Some Business & Leadership Lessons From Past Presidents

Some business and leadership lessons from Abraham Lincoln, Franklin D. Roosevelt, Teddy Roosevelt and Lyndon B. Johnson:

Temperament is the great separator. Four days after FDR took the presidential oath in 1933, he visited former Supreme Court justice Oliver Wendell Holmes, who was celebrating his 92nd birthday. After that visit, Holmes described Roosevelt as having, “A second-class intellect. But a first-class temperament.”

Intelligence is important but it’s useless if not paired with the correct temperament.

Biographer Doris Kearns Goodwin points out the key to Roosevelt’s success as a leader came down to his “self-assured, congenial, optimistic temperament.”

FDR helped guide the country through some dark days following the Great Depression and the years leading up to World War II. His confidence and optimism were a big reason the country made it through those difficult times.

You always have to be realistic but no one wants to follow someone who isn’t upbeat and positive about the future. Pessimists don’t make great leaders.

Strong opinions, weakly held. When his formal education was cut short at age 9, Abraham Lincoln was forced to educate himself. He read every book he could get his hands on, a habit he would carry into adulthood when he became a politician, reading books on long train rides as he canvassed the country.

It was through this self-education that Lincoln developed an open mind. He pledged to his constituents early on in his political career that if his opinions on a subject later turned out to be wrong he was more than “ready to renounce them.” Honest Abe had the rare ability to acknowledge his errors and learn from his mistakes.

There’s nothing wrong with being confident in your own abilities but there is a fine line between confidence and ego. When you’re ego gets too big you never want to admit you’re wrong. True confidence comes from the ability to change your mind when necessary.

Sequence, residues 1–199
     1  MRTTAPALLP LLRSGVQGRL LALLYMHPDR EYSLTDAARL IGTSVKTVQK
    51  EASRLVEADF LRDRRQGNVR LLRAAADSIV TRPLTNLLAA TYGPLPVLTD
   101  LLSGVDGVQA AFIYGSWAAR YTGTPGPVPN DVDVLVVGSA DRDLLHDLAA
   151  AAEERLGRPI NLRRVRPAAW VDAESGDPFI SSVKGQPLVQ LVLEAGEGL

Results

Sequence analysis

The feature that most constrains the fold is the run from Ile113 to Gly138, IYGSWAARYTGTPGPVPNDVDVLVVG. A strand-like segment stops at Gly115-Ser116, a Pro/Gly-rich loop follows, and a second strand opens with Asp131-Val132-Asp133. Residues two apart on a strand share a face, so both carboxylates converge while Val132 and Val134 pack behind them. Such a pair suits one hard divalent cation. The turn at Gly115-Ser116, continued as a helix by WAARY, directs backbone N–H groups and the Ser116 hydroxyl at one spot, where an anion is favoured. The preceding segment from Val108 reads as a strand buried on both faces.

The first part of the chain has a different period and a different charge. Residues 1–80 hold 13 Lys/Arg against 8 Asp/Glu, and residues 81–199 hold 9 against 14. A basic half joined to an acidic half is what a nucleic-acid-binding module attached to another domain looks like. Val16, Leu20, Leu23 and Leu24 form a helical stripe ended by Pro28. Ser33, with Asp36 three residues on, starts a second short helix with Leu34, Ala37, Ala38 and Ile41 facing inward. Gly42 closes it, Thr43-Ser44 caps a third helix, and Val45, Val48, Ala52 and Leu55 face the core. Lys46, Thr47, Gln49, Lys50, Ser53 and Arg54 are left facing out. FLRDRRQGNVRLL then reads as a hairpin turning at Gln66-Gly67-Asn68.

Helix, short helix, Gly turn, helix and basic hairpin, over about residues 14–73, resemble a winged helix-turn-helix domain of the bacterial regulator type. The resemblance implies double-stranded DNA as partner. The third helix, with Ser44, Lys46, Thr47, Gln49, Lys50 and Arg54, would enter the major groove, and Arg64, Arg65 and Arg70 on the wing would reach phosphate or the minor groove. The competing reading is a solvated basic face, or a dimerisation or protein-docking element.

Storytelling is more important than statistics. When FDR took office, electricity was sparce in most rural areas. In fact, 9 out of 10 farms in America had no electricity. Roosevelt’s Rural Electrification Act in 1936 brought electricity to millions of family farms.

But when Lyndon B. Johnson entered the House of Representatives in the late-1930s, there were still many families in the Texas Hill Country who still had no electric power. Johnson made a promise to these families that, if elected, he would make sure they got it.

Johnson was able to secure a meeting with Roosevelt after the two men got to know one another but FDR’s time was valuable. Following a short presentation full of exhibits and details, Johnson knew his time was running out so he decided to paint a picture for the president. Here’s what Goodwin wrote about this:

Johnson began explaining that the people in his district could not get power because of a population density requirement in the REA guidelines. He then, as he later told Lady Bird, painted “a mental picture of all those women out there, old before their time, bending over the wash pot, and all those men getting up on a cold winter morning to milk those cows, where there could have been electric washing machines and milking machines.” This aspect of the story was not confined to facts and figures; it was grounded in emotional memories of his mother hauling water from a well, washing clothes on a corrugated washboard, forced to heat the iron on a red-hot wood stove even at the height of summer, scrubbing floors on her hands and knees, consumed by backbreaking chores that left her too exhausted to read the books piled high beside her bed.

Roosevelt was enthralled by the gifts of a fellow storyteller. In the end, he surrendered to the conviction of the young man himself.

Johnson walked out with a million-dollar loan, later claiming the meeting was one of the happiest moments of his life.

Some people are born story-tellers but this is a skill you have to master if you ever hope to get others to buy into your ideas, opinions, business or product. Storytelling can be the difference between getting a “yes” or a “no” from a customer, your boss or a prospective employer.

Few people remember a good statistic but everyone remembers a good story.

Simple is better than complex. Lincoln was also a masterful story-teller but it was the way he told his stories that made him so popular with his fellow citizens and voters.